The management of Hadassah University Medical Center in Jerusalem has decided to place attendants at the entrances to its two Jerusalem hospitals during the Passover holiday who will ask visitors to refrain from bringing “chametz” – leavened foods that are not kosher for Passover – into its hospital buildings.
The Hadassah Organization at large made it clear, however, that the attendants will not inspect visitors’ bags and will not confiscate food that is not kosher for Passover.
According to Hadassah officials, hospital management has come under pressure from the ultra-Orthodox community to prevent chametz from entering Hadassah’s two Jerusalem hospitals – at Ein Karem and Mount Scopus – and decided to station the attendants.
Although the policy may fall within a legal gray area, it has made Health Ministry officials and some Hadassah employees uneasy. For its part, the Hadassah Medical Organization said it is fully complying with a ruling by the High Court of Justice on the subject.
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In April 2020, the High Court ruled that Israeli hospitals have no authority to ban chametz from their premises during Passover, which begins the evening of April 15, or to inspect food being brought into the hospital or comment regarding non-kosher food. A sweeping ban on bringing in food that is not kosher for Passover “violates fundamental rights of the first order regarding the autonomy of the individual and freedom from religion,” the court ruled. It ordered the country’s hospitals, the Health Ministry and the Chief Rabbinate to find a solution consistent with its ruling.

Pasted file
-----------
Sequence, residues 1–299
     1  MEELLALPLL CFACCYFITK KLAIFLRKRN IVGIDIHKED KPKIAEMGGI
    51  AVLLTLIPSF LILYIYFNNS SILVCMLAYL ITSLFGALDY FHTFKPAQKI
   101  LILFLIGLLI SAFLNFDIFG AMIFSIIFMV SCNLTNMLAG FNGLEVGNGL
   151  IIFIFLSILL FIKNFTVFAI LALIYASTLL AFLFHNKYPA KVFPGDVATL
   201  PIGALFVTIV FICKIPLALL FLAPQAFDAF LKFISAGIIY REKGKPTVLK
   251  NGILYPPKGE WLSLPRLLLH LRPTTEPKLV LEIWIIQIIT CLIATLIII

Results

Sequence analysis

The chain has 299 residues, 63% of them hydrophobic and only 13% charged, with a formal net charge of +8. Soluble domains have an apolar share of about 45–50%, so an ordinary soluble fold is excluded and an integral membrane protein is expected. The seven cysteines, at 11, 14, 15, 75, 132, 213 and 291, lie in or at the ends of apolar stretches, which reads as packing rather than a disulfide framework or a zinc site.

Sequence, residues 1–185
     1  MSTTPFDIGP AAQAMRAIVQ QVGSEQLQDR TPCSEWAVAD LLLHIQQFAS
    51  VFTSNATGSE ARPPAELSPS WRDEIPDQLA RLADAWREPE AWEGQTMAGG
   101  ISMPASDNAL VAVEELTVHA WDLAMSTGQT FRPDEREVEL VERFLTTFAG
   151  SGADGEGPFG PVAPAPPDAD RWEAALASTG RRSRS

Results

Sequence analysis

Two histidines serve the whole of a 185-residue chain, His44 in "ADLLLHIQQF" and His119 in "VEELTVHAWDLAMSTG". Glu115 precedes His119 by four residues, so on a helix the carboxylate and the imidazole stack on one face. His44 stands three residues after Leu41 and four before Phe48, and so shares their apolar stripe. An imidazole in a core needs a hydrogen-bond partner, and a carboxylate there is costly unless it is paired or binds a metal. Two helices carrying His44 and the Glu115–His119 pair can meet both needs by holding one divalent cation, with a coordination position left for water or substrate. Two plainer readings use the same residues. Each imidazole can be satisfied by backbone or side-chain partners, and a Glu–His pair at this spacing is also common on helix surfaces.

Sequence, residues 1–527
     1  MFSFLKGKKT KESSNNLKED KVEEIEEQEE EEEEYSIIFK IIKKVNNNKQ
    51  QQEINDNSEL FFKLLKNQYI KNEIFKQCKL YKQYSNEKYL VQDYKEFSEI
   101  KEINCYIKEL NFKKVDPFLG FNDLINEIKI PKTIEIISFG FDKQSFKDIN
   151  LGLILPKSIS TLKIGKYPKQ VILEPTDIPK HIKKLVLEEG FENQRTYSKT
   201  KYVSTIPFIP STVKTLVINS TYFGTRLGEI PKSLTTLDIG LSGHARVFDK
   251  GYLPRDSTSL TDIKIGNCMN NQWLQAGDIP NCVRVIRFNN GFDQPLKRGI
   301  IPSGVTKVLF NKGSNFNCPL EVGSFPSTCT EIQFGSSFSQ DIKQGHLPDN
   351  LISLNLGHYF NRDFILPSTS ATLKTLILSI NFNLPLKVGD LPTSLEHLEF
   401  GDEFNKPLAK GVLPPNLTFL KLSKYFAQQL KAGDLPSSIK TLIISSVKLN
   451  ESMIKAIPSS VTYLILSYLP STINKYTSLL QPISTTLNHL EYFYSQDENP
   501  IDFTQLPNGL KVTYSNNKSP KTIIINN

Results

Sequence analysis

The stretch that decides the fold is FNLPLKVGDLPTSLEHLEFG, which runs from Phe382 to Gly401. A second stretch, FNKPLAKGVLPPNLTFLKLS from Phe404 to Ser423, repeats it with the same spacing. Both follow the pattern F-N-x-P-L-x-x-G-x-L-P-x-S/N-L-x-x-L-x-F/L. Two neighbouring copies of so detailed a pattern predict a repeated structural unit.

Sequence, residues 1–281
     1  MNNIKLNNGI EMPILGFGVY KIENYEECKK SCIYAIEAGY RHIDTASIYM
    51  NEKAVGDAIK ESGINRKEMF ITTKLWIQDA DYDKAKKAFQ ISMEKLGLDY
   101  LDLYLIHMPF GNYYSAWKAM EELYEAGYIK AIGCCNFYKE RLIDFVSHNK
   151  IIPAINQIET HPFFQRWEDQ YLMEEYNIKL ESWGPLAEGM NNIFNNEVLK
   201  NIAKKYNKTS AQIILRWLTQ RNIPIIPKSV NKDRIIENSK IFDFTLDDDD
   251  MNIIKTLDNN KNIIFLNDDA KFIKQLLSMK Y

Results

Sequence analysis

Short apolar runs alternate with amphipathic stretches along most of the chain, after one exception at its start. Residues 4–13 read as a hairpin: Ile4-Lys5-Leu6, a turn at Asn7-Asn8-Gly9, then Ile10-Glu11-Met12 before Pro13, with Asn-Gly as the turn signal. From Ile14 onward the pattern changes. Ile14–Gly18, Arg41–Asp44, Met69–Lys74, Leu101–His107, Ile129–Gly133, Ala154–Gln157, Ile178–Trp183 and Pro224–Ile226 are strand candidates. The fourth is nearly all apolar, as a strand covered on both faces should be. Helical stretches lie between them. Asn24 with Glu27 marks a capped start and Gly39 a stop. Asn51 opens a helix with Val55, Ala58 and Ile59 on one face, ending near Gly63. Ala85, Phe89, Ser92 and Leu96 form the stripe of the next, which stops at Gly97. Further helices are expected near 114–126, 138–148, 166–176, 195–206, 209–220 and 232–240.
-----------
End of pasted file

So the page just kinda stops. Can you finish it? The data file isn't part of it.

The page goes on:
Health Minister Nitzan Horowitz sent a letter to the directors of the country’s hospitals, sparking a political controversy plaguing the ruling coalition, in which he wrote that in advance of Passover, he wished to remind them “to take care to comply with the April 20, 2020 ruling by the High Court of Justice and to permit the public at large to bring food of any kind onto the hospital premises in a manner that will not prevent consumption of food of the patient’s choice in the personal space at their disposal.”
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“I would ask you to direct the security staff at your institutions to refrain from searching food products of any kind in the containers and belongings of the visitors – also in accordance with the above High Court ruling,” he added.
Noting that hospital patients and their families would surely prefer to be celebrating the holiday at home rather than at the hospital, Horowitz wrote: "We must protect the well-being and dignity of those interested in observing the holiday commandments as well as the well-being and dignity of those who do not wish to do so. It is our duty to permit every patient to following his own path without compulsion.”
Earlier this week, Idit Silman, the coalition whip for Prime Minister Naftali Bennett’s government, took Horowitz to task for the letter and said that he could not “continue to be a minister.” On Wednesday, she resigned from the coalition, resulting in the government losing its majority in the Knesset after 10 months in power.
In a response to this article, the Hadassah Medical Organization said, “Hadassah is acting in accordance with the High Court’s directives. At the entrance to the medical center, visitors will be asked by the attendants to show consideration for feelings and to the extent possible to refrain from bringing chametz in. Nevertheless, the visitors’ bags will not be subject to any search and no food will be [confiscated] at the entrance.”